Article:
1) Move it, Move it!

 

Keep it moving - within reason of course! Movement is key to avoid an increase in stiffness and a great way to improve your recovery time. Whether it is a gentle walk, some gentle movements like rotations/bends/stretches – it doesn’t necessarily have to be specific. And yes it's okay to bend - your spine is “strong” and it is designed to bend. Movement can come in any form that you feel comfortable at that time. Days of bed rest are long gone.

 

2)    Stress and other factors.

 

Lower back pain doesn't necessarily have to be all musculoskeletal in origin. There are strong components of psychosocial factors at play. I know it is easier said than done, but don't worry! Up to 80% of people will or have had lower back pain at some point, and it will most likely get better. Let nature do its thing.
 Stress can be a leading component in lower back pain - so try and find out your triggering factors and address them. Maybe it is through exercise, maybe through meditation/breathing techniques, or it could be through working on different coping strategies. There are plenty of ways in which people can help themselves. The one big thing though – don’t panic!! Fear and anxiety could only make it worse.

 

3) Sleep – quality over quantity!

 

Sleep is important, an estimated 67-88% of patients in chronic pain (pain lasting longer than 3 months) have ongoing sleep difficulties. (1) Exacerbations of symptoms are also often found in your general health and wellbeing.
Find a comfortable way to sleep -  some gentle yoga or breathing exercises can be beneficial 30 minutes before you settle down to bed. Try to avoid the use of electrical equipment in this time before bed as well, as these have shown to affects the body’s natural sleep rhythm. Quality of sleep is paramount.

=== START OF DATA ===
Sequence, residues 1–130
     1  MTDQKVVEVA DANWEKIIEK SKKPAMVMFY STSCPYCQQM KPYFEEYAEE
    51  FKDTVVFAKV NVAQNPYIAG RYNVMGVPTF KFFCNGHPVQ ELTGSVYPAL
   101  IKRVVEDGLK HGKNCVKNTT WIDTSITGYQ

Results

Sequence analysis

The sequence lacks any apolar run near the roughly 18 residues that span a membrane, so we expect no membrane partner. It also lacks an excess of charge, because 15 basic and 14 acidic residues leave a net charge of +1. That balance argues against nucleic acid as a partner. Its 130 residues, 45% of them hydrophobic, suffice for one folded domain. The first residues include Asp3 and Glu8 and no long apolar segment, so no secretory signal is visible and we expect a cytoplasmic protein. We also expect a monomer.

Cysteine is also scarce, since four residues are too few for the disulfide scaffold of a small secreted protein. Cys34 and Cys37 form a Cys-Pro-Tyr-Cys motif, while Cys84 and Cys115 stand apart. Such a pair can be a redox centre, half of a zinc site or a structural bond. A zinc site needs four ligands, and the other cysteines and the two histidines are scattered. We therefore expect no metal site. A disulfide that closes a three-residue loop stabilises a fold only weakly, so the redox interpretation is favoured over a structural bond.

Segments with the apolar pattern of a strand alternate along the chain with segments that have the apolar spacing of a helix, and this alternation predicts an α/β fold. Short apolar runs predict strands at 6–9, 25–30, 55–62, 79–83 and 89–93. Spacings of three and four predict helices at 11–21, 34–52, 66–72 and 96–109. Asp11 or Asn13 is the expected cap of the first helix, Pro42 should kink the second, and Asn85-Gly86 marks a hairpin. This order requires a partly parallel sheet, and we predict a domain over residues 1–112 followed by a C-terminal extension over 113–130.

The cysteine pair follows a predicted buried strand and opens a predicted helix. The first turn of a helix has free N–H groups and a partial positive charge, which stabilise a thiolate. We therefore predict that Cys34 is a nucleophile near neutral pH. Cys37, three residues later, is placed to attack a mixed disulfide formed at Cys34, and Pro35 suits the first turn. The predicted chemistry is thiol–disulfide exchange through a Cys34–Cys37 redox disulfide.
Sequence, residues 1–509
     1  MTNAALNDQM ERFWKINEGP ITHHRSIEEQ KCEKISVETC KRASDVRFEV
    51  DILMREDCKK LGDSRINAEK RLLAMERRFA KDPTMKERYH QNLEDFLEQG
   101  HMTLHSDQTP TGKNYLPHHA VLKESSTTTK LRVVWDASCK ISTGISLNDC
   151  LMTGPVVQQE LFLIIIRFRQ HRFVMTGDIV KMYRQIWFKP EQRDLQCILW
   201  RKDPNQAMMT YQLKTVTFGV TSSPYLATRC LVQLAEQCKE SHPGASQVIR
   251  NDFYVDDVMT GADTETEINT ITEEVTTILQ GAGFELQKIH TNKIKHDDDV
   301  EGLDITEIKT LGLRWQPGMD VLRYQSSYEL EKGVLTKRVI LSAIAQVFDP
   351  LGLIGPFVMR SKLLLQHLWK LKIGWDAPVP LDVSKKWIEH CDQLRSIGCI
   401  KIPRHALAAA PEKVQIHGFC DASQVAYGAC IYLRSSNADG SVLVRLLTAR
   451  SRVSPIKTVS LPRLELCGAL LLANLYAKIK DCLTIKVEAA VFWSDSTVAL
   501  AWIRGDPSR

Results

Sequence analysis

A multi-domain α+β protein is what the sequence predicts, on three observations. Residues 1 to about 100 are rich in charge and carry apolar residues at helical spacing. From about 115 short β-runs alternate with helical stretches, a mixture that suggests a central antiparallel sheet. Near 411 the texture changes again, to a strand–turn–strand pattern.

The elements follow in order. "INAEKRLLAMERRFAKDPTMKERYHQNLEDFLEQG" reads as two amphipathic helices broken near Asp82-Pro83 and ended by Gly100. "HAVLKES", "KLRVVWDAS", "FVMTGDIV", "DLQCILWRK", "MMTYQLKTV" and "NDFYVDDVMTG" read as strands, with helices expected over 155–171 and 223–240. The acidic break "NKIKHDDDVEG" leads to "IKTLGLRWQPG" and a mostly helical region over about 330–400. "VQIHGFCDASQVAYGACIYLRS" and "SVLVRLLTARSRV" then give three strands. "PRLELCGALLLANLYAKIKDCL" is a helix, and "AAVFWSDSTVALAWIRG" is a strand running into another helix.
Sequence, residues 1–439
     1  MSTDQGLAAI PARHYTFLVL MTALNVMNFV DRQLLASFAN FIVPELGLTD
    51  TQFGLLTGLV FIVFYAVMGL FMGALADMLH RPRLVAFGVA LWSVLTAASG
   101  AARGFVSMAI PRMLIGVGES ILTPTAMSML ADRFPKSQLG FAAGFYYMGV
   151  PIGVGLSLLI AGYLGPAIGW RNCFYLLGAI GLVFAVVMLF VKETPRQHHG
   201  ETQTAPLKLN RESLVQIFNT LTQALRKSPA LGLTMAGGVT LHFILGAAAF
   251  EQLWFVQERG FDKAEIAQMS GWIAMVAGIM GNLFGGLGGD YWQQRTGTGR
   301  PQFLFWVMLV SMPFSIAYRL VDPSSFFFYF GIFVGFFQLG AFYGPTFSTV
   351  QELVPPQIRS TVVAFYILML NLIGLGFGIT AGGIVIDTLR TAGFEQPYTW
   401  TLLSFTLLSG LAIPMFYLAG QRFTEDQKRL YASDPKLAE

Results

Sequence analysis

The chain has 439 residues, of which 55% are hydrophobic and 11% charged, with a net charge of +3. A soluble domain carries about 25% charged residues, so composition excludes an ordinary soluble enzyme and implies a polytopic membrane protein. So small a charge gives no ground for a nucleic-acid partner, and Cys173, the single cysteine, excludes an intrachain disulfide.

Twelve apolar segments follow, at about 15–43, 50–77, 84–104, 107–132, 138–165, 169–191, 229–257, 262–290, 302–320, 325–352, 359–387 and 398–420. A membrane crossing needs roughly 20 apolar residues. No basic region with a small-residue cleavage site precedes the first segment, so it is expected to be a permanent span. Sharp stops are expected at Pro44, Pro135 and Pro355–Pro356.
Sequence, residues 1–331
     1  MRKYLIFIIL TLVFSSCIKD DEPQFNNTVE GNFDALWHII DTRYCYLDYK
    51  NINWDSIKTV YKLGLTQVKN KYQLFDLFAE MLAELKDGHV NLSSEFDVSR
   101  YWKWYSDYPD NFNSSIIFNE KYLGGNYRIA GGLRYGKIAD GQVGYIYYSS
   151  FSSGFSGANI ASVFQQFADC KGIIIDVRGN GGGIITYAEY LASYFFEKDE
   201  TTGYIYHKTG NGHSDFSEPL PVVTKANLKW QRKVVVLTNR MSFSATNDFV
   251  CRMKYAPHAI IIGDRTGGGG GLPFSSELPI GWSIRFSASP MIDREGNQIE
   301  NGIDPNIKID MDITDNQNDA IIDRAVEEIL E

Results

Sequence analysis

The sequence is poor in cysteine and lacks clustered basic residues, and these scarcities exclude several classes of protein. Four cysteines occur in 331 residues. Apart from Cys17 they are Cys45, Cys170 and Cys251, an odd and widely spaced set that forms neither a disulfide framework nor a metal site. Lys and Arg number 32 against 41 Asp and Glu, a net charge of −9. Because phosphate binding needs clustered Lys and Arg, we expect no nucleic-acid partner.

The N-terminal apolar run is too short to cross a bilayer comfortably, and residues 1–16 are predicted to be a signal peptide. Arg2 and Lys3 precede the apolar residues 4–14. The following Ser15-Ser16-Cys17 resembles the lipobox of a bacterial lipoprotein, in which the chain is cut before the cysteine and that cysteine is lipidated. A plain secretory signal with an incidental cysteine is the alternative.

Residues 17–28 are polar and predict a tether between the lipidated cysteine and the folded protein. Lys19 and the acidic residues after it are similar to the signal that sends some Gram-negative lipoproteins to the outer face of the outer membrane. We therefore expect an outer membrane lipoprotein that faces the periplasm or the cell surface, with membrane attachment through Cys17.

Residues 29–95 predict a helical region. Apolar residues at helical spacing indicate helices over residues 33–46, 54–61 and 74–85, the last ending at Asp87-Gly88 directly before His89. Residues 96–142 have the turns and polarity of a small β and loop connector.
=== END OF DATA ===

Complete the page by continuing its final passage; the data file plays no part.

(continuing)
4) What about my scan results?

 

Current research has highlighted a lack of correlation between back pain and results of scans like MRI's, in fact - many people without lower back pain have very similar results on their scans - despite being asymptomatic (without symptoms).  (2) Therefore, don't take your scan as gospel that you have the “spine of a 180 year old” for example, or you have “crumbling discs”.  In this case - pictures DO NOT always speak a thousand words.

 

5) Finally, combine exercise with treatment.

 

Exercise (in whichever form you feel comfortable to do) is by far the best medicine, and with manual therapy (osteopathy, physiotherapy, chiropractic) in addition to this - it is a perfect combination for improvement now and in the future.
As Osteopaths, we are in prime position to acknowledge the affects of different factors of pain and injury, many people believe we are just "back specialists" but we can also help identify certain patterns, or give advice on things from diet and nutrition, exercise and stress relaxation. Trust yourself, and invest time in yourself.

 

Written by Mark Thiselton

(1) Patrick H. Finan, Ph.D.,1,* Burel R. Goodin, Ph.D.,2 and Michael T. Smith, Ph.D.. The association of sleep and pain: An update and a path forward. Journal of Pain 2013; 14(12): . https://www.ncbi.nlm.nih.gov/pmc/articles/PMC4046588/#R103 (accessed 17/6/2017).
(2) W. Brinjikji, P.H. Luetmer, B. Comstock, B.W. Bresnahan, L.E. Chen, R.A. Deyo, S. Halabi, J.A. Turner, A.L. Avins, K. James, J.T. Wald, D.F. Kallmes, and J.G. Jarvik. Systematic Literature Review of Imaging Features of Spinal Degeneration in Asymptomatic Populations. AJNR Am J Neuroradiol 2015; 36(4): . https://www.ncbi.nlm.nih.gov/pmc/articles/PMC4464797/pdf/nihms-696022.pdf (accessed 16/07/2017).